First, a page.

Rich-poor divide widened in boom years - wealthy people increased their life expectancy
Working class men saw the smallest drop in death rates
THE rich-poor divide widened during Ireland's boom years with the better-off dramatically increasing their life expectancy.
Death rates, which are a barometer of life expectancy, fell by 27pc between the 1990s and the 2000s among men in professional jobs, managerial positions and the self-employed.
However, for working class men the drop was less than half at 12pc, an ESRI conference on the link between income and death rates will be told today.
All groups in Ireland can expect to live longer lives and between 1950 and 2012 life expectancy in Ireland grew by 15 years on average, from 66 years to 81 years.
But the pace of improvement for people with the best incomes is racing ahead of that for the least well-off.
The drop in deaths from cardiovascular disease and respiratory conditions has been particularly marked and the lower rate of people smoking, along with adopting healthier lifestyles, have contributed to more people enjoying an old age.
But behind the headline figures there are glaring gaps, according to ESRI researcher Richard Layte, who is presenting the conference 'Socio-Economic Inequalities in Mortality in Ireland Over Time and Place' along with research from Trinity College and NUI Maynooth.
Dr Layte said: "The growing gap between social groups can largely be explained by changes in the pattern of deaths from external causes such as accidents, poisonings, assault and suicide as well as digestive causes-diseases of the liver, oesophagus.
"Among women, deaths from cancer also contribute to a widening gap between social groups," he added.
The worrying statistics reveal:
* The rate of improvement in life expectancy increased around the year 2000. For example, between 1996 and 1999 death rates fell by 5pc, but the fall accelerated to 26pc between 2000 and 2004.
* Irish research suggests that this improvement was due to improvements in the control of cardiovascular and respiratory conditions in the late 1990s among those aged over 65.
All social groups have experienced improvements in life expectancy since the 1980s.
However, a growing gap has emerged in life expectancy across social groups.
While death rates for men in manual jobs were 100pc higher than among professional groups in the 1980s, this gap increased to 140pc during the 2000s.
* The growing gap across social groups largely reflects an increasing gap between non-manual and manual groups for deaths from external causes, digestive disease and cancers in the case of women.
* Death rates among male manual groups from external causes were 2.3 times higher than the professional groups in the 1980s but they were 3.9 times higher in the 2000s.
* While it is not possible to disaggregate deaths from external causes in Ireland at present, the evidence from previous Irish research suggests suicide among younger unemployed men and increasing death rates from industrial and farming accidents during the economic boom may be important.
* The death rate among women who work in manual jobs or are married to a manual worker was 1.5 times higher from digestive causes than that found in professional women in the 1980s. This chasm has widened in the 2000s to a difference of 2.1.
* The research pointed out the rises in deaths from digestive diseases such as cirrhosis of the liver are strongly linked to increased alcohol consumption.
* The death rate among all age groups in the places in Ireland with the highest toll was four times that of the area with the lowest rate in 2011.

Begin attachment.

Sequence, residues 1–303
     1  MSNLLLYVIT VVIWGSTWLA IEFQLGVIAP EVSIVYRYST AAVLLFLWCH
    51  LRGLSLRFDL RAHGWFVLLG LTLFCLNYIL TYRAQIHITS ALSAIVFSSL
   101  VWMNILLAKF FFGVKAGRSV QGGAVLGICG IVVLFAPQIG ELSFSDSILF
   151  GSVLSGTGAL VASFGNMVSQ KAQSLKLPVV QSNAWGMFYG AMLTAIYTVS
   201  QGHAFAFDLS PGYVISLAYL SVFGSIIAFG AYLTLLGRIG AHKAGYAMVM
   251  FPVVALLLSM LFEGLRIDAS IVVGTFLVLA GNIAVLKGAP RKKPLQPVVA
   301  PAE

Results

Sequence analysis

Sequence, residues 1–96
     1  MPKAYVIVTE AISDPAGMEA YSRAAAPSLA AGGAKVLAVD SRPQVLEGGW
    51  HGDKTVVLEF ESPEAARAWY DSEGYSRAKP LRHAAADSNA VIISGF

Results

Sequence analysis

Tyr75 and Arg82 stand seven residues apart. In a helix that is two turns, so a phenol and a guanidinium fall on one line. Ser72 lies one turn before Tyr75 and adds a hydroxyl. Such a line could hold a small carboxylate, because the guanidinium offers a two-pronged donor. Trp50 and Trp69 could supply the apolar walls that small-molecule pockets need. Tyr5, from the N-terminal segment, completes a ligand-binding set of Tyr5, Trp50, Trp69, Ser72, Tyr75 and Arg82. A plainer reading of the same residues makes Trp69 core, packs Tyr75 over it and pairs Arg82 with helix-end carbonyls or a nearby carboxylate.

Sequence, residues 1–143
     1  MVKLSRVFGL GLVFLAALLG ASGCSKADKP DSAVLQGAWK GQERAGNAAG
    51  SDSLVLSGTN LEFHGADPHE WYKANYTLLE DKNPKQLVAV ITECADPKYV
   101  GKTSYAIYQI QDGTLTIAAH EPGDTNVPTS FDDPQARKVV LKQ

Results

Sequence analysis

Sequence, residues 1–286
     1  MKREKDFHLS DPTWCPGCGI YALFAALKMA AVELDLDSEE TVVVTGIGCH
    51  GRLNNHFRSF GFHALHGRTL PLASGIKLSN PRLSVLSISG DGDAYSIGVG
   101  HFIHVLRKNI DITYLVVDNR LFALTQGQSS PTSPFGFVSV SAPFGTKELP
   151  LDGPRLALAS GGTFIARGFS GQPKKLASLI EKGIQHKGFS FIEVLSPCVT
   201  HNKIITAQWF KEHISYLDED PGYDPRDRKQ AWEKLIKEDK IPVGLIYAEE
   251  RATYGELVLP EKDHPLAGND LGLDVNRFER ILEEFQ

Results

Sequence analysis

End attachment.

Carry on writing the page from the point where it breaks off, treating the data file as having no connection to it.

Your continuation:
* When comparison is confined to deaths among those aged under 75, the death rate in the geographic area with the highest rate is six times that of the area with the lowest rate.
Commenting on the findings Prof Layte said: "This is the first analysis of the way that differentials in mortality changed during the last three decades in Ireland.
"The good news is that life expectancy for all groups in Ireland is at an all time high. The bad news is that the gap between groups has increased.
"This project attempts to understand why and what we can do about it," he added.
The study did not measure factors such as faster access to hospital care to see a specialist for instance or screening for illnesses such as cancer to determine what effect they have on a the longevity figures. The study found that women continue to enjoy longer life expectancy than men.
Mapping and tracking will take more years
An analysis of death rates in over 400 locations across the country was begun by researchers in Maynooth university in 2006 and the same areas have been tracked up to 2011.
While changes have been noted in some areas since 2006, due to factors such as an influx of young people, many of the patterns showing the highest and lowest death rates have persisted.
More years of figures and analysis are needed to give a full picture.
The areas with the healthiest populations, based on death rates, are among the highest in Dublin. And the capital also has the areas with the worst rates, along with sections of the largest other cities in the country.
It can mean stark differences in statistics in areas which are just a few miles from each other, pointed out Jan Rigby of the National Centre for Geocomputation in NUI Maynooth.
The findings signal that areas of deprivation have higher death rates for all ages.
The benefit of this research means that instead of looking at the county as whole, pockets of high death rates are pinpointed which could otherwise be overlooked. The northside and southside divide in Dublin city is marked. In reality it appears to be more a north-west and south-east divide with relatively affluent areas such as Clontarf and Howth in the east, north of the Liffey.
The benefit of the work is that it allows policy-makers to target funding at those areas which are under most pressure with health and other economic supports.